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The Verdict: Bill White was a defensive stalwart, prankster

Wednesday, 12.22.2010 / 1:00 AM / The Verdict
By Bob Verdi  - Blackhawks Team Historian
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The Verdict: Bill White was a defensive stalwart, prankster



At just about this juncture in the 1976-77 season, the Blackhawks were struggling to such a degree that management took drastic action. Billy Reay, who had coached since 1963, was dismissed and replaced by Bill White, a veteran defenseman idled by an injury. White felt uncomfortable with the timing, on the cusp of Christmas Eve, and the crass manner by which Reay was informed—a note under his office door at the Stadium. But when asked about his plans to resurrect the team as interim coach, White pulled himself together.

“The first thing I’m going to do,” he said, “is take all my doors of their hinges.”

White will leave his Toronto home to bring his wit and wisdom to the United Center Dec. 22, when he will sign autographs at the Ferrara Pan alumni booth before and during the game against the Nashville Predators.

THE VERDICT

Team historian Bob Verdi has covered sports for five decades, including more than 40 years as a columnist and contributor for the Chicago Tribune. Verdi authored "Chicago Blackhawks: Seventy-Five Years" in 2001.

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His tenure behind the Blackhawks bench with assistants Stan Mikita and Bobby Orr was brief, but long-time fans will remember White as a stalwart who participated in six All-Star Games and was thrice selected as a second-team NHL All-Star.

White first arrived in Chicago shortly before the 1970 trade deadline, when the Blackhawks were building a dream season but were missing Pat Stapleton, another experienced rear guard fighting an ailing knee. General Manager Tommy Ivan executed one of his all-time best maneuvers, acquiring White from the Los Angeles Kings in a six-player deal. When Stapleton healed, he joined White to form a tandem that was instrumental in a historic turnaround—the Blackhawks, who finished last in 1968-69, won the East (Original Six) Division on the final night of the regular schedule in 1969-70.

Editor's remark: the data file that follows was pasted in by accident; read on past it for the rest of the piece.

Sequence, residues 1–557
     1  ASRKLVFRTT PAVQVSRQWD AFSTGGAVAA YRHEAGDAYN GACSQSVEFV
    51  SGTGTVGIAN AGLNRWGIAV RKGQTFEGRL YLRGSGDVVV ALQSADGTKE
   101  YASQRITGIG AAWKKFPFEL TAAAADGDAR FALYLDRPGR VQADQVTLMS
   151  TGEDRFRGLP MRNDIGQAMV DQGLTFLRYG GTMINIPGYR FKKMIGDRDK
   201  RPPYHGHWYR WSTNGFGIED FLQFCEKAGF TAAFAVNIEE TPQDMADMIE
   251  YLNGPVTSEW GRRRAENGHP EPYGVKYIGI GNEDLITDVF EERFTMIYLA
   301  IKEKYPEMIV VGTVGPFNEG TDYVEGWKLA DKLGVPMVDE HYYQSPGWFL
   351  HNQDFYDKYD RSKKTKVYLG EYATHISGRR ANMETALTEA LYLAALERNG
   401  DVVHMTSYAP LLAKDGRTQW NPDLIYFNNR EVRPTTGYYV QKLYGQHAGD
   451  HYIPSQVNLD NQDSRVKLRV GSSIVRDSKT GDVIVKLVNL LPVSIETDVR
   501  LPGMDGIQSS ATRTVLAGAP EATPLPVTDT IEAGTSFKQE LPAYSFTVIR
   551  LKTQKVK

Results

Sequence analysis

“Pat and I just seemed to click right away,” White recalled. “I was more of a stay-at-home type, and Pat liked to rush the puck. It was like we always knew what each other was thinking and was going to do.”

White was tall and lean; Stapleton was more pear-shaped. Yet  it appeared they had been separated at birth on another count: They were relentless pranksters, preying repeatedly on rookies such as Keith Magnuson. After practice White and Stapleton frequently would huddle along the locker room row of defensemen, whispering while Magnuson strained to get wind of the latest gossip. White and Stapleton dwelled in fiction over fact, but Magnuson invariably took the bait.

“I don’t know how many times we told Maggie he was being traded,” said White, who also tormented his roommate, No. 1 draftee Dan Maloney, during the next fall’s training camp.

White and Stapleton convinced Maloney that Jim Pappin, a Blackhawks winger, was an accomplished musician able to handle the Stadium’s massive Barton organ. Between practices one day, Pappin climbed to the loft, sat down, and made music while his hands danced across the keyboard. Maloney was flabbergasted, unaware that White and Stapleton had arranged the ruse—an electrician in the bowels of the building played one of maestro Al Melgard’s tapes on the PA system.